Groomers and Swedetown trail system crew had done a remarkable job setting the trails — especially in light of recent warmer weather and lack of fresh snow. The value of good waxing became very apparent very quickly: except a few strides to get past the initial hill and into the Len’s loop off the Valley Trail, double polling was all that I needed to get through the first couple kilometers! It wasn’t until shortly after the mile mark #2 that a skier in the 10k skate category passed me. This was a sign of considerable progress compared to previous two years: in 2014, I hadn’t even passed the very first hill past the end of double polling line and all the skate skiers had gone by; 2015, I had barely made it to the first aid station by the chalet when most skate skiers started passing me.

  Time (mm:ss) and speed (miles/hour) over each mile
Year 1 2 3 4 5 6 7 Total  
2014 19:22 (3.1) 24:24 (2.5) 25:59 (2.3) 22:48 (2.6) 21:36 (2.8) 19:15 (2.9) 2:13:26 (2.70)
2015 12:51 (4.7) 13:32 (4.4) 12:23 (4.8) 12:50 (4.7) 13:54 (4.3) 13:34 (4.4) 03:21 (5.7) 1:22:18 (4.60)
2016 08:58 (6.7) 10:18 (5.8) 10:38 (5.6) 11:32 (5.2) 12:40 (4.7) 11:56 (5.0) 01:28 (8.1) 1:07:28 (5.51)

Thanks to many lessons from dear friends, taking corners and going down the slopes came with very little pain. Consuming plenty of water over the past 24 hours ensured I didn’t have any shin splints or cramps. I still managed to fall a few times — a few times too many to my liking: once, it was due to not knowing how much to dig in during a snow plough attempt while one other time, it was due to digging in too much and falling face first. Once I fell standing still at an aid station, and one other time, I stepped a little too much to the side and found myself on any icy surface. And rest of them were going down a slope of some kind while having to make a right turn. If only the course was entirely uphill or if it only had left turns down all its slopes (you know, NASSki — like NASCAR), I would have a much better time in these events. But then again, I wouldn’t learn much. So, I don’t mind the right turns and downhills in the name of learning, and learning new things.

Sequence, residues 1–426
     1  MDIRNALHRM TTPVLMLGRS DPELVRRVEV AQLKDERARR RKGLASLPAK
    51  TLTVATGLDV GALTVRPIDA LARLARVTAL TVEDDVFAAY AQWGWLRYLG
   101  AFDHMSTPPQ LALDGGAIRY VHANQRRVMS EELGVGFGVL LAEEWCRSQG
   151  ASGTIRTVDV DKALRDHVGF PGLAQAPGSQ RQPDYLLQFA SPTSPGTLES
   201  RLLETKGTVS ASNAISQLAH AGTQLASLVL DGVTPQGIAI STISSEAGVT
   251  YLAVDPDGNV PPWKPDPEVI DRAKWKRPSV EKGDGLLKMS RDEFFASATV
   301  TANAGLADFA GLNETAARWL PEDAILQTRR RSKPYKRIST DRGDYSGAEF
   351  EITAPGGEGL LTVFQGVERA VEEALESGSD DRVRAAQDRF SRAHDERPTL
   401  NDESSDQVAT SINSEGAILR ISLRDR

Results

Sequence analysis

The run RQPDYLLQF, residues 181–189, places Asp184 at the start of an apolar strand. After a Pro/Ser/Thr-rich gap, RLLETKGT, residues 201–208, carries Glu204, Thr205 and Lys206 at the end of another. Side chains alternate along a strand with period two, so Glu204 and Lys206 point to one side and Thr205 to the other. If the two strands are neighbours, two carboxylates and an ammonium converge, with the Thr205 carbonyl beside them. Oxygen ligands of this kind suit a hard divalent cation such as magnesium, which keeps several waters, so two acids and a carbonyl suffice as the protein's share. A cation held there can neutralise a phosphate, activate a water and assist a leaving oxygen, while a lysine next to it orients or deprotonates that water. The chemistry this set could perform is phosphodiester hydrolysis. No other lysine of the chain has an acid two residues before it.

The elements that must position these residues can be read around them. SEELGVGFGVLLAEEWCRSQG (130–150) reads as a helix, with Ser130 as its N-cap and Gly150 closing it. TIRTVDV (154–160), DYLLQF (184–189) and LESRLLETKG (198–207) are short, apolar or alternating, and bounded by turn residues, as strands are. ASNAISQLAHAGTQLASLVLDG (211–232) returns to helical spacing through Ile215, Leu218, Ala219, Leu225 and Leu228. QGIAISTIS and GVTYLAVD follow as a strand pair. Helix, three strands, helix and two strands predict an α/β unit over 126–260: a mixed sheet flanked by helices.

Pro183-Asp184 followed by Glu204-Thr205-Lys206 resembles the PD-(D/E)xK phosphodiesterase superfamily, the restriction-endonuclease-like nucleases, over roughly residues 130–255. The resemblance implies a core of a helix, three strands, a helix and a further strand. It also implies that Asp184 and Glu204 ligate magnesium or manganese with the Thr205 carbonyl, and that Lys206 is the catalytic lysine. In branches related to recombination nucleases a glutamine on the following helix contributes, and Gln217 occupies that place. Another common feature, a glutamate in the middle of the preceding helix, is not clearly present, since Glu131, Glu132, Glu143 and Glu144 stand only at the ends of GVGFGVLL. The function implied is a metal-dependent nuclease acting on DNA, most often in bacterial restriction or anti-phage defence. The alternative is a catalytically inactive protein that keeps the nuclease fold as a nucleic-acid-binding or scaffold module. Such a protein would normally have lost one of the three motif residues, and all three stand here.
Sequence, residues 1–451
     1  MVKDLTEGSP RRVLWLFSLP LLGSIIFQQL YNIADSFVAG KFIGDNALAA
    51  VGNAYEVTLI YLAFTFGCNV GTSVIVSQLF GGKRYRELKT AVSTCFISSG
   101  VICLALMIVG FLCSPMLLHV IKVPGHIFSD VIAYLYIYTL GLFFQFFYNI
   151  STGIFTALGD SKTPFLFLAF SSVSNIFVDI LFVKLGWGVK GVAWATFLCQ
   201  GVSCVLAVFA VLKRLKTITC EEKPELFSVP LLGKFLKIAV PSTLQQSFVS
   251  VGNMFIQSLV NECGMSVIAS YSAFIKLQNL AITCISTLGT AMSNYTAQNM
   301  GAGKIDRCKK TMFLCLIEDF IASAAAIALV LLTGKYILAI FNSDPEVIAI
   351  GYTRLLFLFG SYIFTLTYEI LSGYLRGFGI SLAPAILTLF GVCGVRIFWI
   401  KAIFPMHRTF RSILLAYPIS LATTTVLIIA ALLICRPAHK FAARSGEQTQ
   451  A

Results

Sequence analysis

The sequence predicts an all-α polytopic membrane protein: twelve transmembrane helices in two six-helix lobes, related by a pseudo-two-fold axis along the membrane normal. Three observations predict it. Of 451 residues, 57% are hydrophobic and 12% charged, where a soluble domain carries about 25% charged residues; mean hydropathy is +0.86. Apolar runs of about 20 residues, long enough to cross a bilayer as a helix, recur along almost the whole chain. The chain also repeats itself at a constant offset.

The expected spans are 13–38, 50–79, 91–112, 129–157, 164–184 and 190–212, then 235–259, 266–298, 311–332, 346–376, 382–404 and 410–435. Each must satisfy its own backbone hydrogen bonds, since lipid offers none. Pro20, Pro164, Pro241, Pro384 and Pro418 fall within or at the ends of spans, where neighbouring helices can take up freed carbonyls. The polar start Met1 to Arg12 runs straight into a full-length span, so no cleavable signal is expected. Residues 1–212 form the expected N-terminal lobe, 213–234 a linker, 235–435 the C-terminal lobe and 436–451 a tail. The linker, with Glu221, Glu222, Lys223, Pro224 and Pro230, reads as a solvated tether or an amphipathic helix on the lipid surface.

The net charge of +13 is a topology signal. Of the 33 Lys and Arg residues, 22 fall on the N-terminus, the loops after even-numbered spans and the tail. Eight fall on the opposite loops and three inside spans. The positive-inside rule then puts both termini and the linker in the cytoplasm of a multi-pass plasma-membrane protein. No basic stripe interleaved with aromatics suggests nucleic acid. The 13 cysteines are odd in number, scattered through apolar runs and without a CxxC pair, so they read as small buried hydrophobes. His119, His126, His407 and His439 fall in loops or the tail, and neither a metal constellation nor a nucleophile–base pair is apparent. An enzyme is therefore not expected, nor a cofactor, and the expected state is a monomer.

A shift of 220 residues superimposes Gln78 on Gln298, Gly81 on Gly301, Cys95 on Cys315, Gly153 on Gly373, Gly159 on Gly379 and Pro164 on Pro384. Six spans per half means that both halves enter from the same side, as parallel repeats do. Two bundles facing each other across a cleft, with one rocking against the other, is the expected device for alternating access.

Unlike the 2015 edition, I didn’t promise anyone that I’d ski the course stride for stride with them, keep them in my sight and ensure their safety until they successfully completed the race — though I wouldn’t flinch to do something like that to a worthy friend again. It was for the first time in a long LONG time that my mind was circus free and was able to race the mile (or the kilometer) I was currently in, look forward to the next one, keep the focus primarily on me and an eye for the safety of fellow racers. And it felt good wonderfully delightful.

Personal goals for the event (in order of importance)
## Goal Result
01 Keep the number of falls under 3 No; 6-8
03 Finish in the top 50% No, no, no (28/52 overall; 15/28 division; 3/5 age group)
03 Complete it under 1:05:00 (10:29 min/mile, 5.72 mph) No, 1:07:28, (10:53 min/mile, 5.51 mph)
04 Improve current PR for 10k: 1:22:18 (13:03 min/mile, 4.60 mph) Yes, 1:07:28, (10:53 min/mile, 5.51 mph)